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Meeting Data Scientists OFfice
Virginia MausMay 25, 20234 min read

Three Parts to an “Early Win” for Your Data Science Team

Science is the process of curiosity.  It doesn’t care about profits, margins, timelines, or shareholders.  In science, failure (learning) is an acceptable outcome.  In business, however, companies invest in data science with an expectation of ROI.  In order to obtain the corporate “buy-in” for more resources and support, new data science programs scramble to find results worth shouting from the rooftops – or at least highlighting at the next board meeting.  We crave the hole-in-one even though it's our first time golfing. While you can’t be guaranteed immediate success, there are three ways to pick an early project that supports the value of your initiatives and helps you gain momentum with important stakeholders.

Access Trusted Data Sources

 You may have data coming in from an overwhelming amount of siloed data sources. Choosing the right data to kick off your project is an important step. Start by identifying the sources both IT and the business already have access to and trust.  If it will take IT a long time to provide access, you will lose momentum early in the project. If the data sources have missing or user-entered data, you may spend too much time cleaning it and less time on complex analysis.  Make sure the business has established clear definitions for the data (ex. defining a product, company, or target customer) to avoid controversial topics.

Questions to ask to ensure you have access to trusted data:

  • Which sources have database diagrams already created?  
  • Are there a few business subject matter experts that truly understand the data?  
  • Can you easily access the data for analysis?  
  • Can you easily tie the data to other trusted reports?
  • Are there standard definitions for the data being used?

Find a Project With Measurable Value

The data request list may be overflowing, but use this flagship project to solve a problem with measurable impact.  Will a larger value for a small number of users be more impactful than a little bit of value to many? It depends on how measurable the results are.  Saving 100 hours or $10,000 is not only easy to explain but will grab attention! If your organization is revenue-focused, prioritize projects with measurable revenue increases, even if just for one department.  While a flashy new dashboard might be nice for the salespeople, will it actually increase their sales? If so, how will you measure the sales increase in a way that can be communicated clearly through the data?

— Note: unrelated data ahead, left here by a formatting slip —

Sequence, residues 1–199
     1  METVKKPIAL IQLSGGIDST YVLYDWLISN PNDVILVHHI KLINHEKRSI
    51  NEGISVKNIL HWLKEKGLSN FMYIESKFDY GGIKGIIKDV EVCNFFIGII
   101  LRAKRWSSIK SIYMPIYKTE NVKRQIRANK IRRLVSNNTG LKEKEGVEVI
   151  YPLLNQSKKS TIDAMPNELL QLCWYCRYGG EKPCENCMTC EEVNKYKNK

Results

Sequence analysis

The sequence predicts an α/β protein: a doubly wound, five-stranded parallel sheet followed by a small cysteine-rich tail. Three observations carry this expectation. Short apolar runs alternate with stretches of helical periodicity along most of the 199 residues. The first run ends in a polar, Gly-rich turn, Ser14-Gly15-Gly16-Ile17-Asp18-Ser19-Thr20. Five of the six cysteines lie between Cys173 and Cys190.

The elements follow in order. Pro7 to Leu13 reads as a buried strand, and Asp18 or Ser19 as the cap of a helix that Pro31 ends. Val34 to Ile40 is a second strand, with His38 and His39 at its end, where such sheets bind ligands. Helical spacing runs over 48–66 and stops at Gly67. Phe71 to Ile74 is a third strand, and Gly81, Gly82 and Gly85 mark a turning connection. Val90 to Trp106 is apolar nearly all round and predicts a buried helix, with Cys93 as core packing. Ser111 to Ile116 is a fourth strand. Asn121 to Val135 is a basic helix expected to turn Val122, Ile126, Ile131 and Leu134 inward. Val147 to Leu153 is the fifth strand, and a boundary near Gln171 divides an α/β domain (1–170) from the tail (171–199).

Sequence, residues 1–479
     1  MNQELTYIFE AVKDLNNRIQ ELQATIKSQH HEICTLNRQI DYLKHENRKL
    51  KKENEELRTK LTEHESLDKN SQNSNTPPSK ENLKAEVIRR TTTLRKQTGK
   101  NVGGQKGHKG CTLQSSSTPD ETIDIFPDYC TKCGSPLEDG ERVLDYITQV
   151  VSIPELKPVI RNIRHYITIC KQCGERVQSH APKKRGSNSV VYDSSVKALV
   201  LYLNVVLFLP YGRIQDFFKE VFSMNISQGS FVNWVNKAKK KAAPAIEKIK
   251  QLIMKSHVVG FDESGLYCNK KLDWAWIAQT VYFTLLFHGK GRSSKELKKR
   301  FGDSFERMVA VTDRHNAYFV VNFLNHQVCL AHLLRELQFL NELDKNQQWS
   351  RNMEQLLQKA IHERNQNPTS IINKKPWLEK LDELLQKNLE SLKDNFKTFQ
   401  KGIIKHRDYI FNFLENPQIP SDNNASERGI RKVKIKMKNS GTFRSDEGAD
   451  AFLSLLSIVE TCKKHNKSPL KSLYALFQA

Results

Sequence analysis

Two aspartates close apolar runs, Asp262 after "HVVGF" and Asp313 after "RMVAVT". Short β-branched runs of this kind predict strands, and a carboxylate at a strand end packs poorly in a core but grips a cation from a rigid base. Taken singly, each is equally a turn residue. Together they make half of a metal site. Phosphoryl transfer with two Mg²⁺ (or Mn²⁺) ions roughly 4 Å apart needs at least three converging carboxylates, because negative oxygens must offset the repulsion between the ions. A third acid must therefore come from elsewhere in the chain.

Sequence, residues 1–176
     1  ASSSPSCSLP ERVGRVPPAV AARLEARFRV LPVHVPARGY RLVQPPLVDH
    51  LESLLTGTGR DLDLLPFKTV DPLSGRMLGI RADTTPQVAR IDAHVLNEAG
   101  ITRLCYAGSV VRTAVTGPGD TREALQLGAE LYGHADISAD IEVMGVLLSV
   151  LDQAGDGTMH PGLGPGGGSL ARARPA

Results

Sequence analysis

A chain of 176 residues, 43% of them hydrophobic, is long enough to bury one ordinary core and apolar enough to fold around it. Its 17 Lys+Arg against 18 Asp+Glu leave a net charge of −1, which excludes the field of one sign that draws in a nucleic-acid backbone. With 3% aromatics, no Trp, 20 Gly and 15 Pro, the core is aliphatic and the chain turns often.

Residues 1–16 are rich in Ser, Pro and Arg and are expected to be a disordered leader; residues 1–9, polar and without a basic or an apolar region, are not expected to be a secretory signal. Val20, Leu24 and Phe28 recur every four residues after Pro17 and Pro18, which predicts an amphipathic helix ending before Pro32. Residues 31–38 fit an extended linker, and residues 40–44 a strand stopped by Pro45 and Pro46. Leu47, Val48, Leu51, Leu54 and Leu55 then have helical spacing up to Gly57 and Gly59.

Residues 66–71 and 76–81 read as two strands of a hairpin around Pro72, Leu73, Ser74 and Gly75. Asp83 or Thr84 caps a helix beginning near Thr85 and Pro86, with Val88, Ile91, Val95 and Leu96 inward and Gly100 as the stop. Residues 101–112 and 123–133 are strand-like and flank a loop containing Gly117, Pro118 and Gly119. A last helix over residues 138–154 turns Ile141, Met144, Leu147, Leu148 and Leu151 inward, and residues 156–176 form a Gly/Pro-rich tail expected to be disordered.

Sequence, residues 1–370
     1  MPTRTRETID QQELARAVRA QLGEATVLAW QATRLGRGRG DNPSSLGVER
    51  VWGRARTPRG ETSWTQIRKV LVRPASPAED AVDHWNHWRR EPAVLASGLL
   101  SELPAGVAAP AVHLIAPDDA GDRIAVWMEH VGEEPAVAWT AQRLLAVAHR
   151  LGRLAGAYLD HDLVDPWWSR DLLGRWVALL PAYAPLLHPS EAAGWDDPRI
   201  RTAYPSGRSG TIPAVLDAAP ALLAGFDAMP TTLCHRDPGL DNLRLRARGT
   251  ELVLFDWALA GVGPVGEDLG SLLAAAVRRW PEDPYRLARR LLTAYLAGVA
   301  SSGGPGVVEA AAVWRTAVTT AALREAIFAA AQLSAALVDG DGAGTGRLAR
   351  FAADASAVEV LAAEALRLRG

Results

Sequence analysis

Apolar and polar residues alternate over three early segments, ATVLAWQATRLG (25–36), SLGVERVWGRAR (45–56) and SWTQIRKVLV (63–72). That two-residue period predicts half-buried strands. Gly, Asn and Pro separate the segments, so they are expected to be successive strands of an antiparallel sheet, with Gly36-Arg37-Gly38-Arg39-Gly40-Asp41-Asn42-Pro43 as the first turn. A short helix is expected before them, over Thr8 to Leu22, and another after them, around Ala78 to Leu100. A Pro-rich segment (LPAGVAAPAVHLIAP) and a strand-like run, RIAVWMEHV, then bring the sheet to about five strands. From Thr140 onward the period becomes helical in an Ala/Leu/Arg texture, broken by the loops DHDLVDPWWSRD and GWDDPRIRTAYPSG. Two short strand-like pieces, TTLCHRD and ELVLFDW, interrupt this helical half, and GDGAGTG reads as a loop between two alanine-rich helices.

Questions to ask to ensure the project has measurable value:

  • Will this insight increase revenue? How?
  • Will this solution create time savings? How much?
  • If this information will unearth great conversations, how will you measure the value of those additional insights?
  • How often will it be used once complete?
  • How many users will be able to use this information?

Use Your Results to Support Positive Action

Using the data to allow leadership to engage with the business in a way that guides, empowers, and positively propels your business forward will be the ultimate “win”. For example, leadership may be excited about increased transparency into performance metrics previously muddled by the time it reaches them. They may request the ability to drill into which regions, salespeople, and products are excelling and use this information to learn and inform, benefitting the entire organization.

Communicate clearly with leadership in the early stages of your project. Set clear expectations and agreement on the intent of the project and the goals it is meant to achieve. Without this consensus, a project could be used to impact negative consequences such as layoffs or budget cuts or cause people to discredit the data, process, tools, and solution. Aimed toward a positive purpose and fueled with clearer information that supports relevant business outcomes, your organization can accelerate its progress and move the needle confidently.

Questions to ask to ensure the project will result in positivity for your organization:

  • What action will be taken with this information?
  • Will the action based on these results be celebrated openly?
  • What incentive do end users have to provide this information?
  • Who will be excited about the results?
  • Who will be apprehensive of the results?

Introducing data science into any organization takes time. Identifying an early project that can be proudly showcased to leadership and throughout the organization will expedite this process. You will quickly go from trying to convince others of its value to needing to prioritize a large list of data project requests!  If you select a project where you have access to trusted data, measurable value, and results that create positive action, you will be on track to building a successful data science practice.

To learn more about building a data science or analytics practice, a data project backlog, or how to prioritize your projects, visit our Data Advisory services page.  We meet companies where you are in your analytics journey and help you get wins no matter where you are in the process.


Virginia Maus

Virginia is a problem solver who is passionate about using the power of data to make informed decisions. She wants to lead your most undefined, innovative, and challenging projects with clear communication and genuinely collaborative execution. To her, energy comes from building relationships and taking action to make a positive, infectious impact on the world.